Murder and Matchmaking

Murder and Matchmaking
A novel mashup of Sherlock Holmes and Pride & Prejudice

Friday, September 10, 2010

The Odd Nature of Realism in Fiction

Part 1 – Setting and detail

I have been heartily enjoying a reading through various nonfiction books and other sources recently. I’m justifying it all as ‘research’ for my current book, but frankly I’m also indulging in skipping down a bunch of avenues that wind far away from any details that are likely to end up in the book. It’s like window shopping for a bunch of academic endeavours that I don’t have the time and money to purposely pursue.

The question is how should such ‘research’ benefit or inform the writing of fiction?

I recall listening to an interview between Raymond Chandler and Ian Fleming in which Chandler admonishes Fleming for getting a detail regarding the serving of ice water in Las Vegas casinos incorrect in his book. The impression I had was that this really annoyed Chandler whereas Fleming regarded as it an insignificant detail he couldn’t even remember. I like to think this points to a crucial aspect of Chandler’s approach to writing: a strong focus on veracity in fiction.

In Chandler’s writing the setting is more than a backdrop to the story; it breathes life into it. He’s not heavy on the descriptions and yet he creates an intensely visceral and convincing world. As a reader I have always believed completely in the authenticity of Chandler’s Los Angeles as much as I do Dickens’ London. I can’t travel back in time to find out if their depictions were accurate, but they convince me completely in them. I become immersed in those worlds for the time of the story and feel as though I’m experiencing every sensory detail they share.

I think partly this trust in the ‘truth’ of Chandler’s setting is created not by a deluge of facts and precise details so much as an absence of the implausible or inaccurate. He does not waste time informing the reader of the obvious information that everyone would notice when they entered a room. He is far more likely to note the peculiar or distinctive details that tell so much more. A bland attempt at description of the overall appearance can at best build up a police identikit picture in the reader’s mind; a striking flash of colour or an unexpected brush stroke can help create an impressionist work of art.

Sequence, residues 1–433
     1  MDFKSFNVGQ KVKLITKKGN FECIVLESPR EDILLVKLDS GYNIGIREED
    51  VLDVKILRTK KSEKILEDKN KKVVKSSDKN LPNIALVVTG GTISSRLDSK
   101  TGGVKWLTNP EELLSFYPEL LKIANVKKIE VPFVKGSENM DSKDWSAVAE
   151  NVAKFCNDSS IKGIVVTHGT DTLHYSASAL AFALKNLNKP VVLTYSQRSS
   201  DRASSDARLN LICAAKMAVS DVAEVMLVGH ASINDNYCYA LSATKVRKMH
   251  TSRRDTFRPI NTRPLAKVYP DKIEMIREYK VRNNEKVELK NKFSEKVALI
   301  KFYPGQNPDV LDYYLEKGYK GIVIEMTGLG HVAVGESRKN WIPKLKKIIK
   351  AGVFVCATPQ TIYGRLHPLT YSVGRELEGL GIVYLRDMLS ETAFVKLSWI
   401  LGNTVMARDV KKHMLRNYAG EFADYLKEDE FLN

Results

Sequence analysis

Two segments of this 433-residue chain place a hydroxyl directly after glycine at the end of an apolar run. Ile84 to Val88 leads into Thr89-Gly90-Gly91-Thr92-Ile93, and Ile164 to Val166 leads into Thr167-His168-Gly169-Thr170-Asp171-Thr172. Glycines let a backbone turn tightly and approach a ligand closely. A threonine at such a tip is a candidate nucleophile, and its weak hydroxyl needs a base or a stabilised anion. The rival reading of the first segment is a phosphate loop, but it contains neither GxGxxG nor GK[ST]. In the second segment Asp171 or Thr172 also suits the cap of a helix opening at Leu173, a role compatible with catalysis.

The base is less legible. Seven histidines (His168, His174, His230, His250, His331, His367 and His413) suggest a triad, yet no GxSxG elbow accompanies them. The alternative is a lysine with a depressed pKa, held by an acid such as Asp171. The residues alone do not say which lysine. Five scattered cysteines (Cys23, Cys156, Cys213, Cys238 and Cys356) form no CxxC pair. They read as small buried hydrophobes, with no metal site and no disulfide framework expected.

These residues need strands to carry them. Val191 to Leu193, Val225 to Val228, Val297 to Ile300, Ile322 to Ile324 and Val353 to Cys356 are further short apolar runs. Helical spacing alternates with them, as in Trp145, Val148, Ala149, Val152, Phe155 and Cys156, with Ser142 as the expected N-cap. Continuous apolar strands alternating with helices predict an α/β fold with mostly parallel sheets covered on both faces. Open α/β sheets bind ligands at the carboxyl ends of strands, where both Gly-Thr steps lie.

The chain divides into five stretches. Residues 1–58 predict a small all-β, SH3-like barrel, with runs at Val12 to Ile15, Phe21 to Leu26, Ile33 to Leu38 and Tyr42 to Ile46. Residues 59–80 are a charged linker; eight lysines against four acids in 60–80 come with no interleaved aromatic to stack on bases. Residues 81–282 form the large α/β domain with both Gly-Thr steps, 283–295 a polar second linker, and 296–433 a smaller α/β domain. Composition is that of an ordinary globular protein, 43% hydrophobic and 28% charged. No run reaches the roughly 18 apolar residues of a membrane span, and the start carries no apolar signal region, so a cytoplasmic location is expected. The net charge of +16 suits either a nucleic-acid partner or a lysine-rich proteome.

I am curious about the thoughts of other writers and readers. How important is detail or authenticity in setting to other people? Do people prefer more or less when it comes to descriptions of the story’s world? Is it affected by genre or whether the setting is a real or imaginary location?

2 comments:

Rachel said...

I love reading detail, I do. It's so much more vivid to sometimes have a flash of a name, a brand, a place that's specific (even if not automatically recognisable, I guess) rather than generic. I don't know... like, okay, someone has a rug. Cool. Is it a homemade rag rug they got from their gran? Is it a worn but still gorgeous Aubusson? Is it a so-cheap-it's-squeaky thing from the Warehouse? Any of those'll tell me something - though it may be something later disproved - about the person who has it, too.

Not all the time, cos then you'd be bogged down in irrelevant crap, but detail can be really scene-setting. I remember - not the book, nor the author - reading something about fifteen years ago in which the author spent half a page detailing how the central female character made rice pudding. And it was an Amish setting, so there were these sort of anachronistic things for a modern period, and it sucked me right into the scene.

If it could be set anywhere, it's not usually as engaging as something saturated in its place.

Debbie Cowens said...

I think you're right about details having potential to imply a lot about character or to really set the scene.

I like your phrasing 'saturated in its place'. I suspect most of my favourite books have had this quality, some times without the setting being explicitly described in any great length, it just feels as though it has seeped into everything.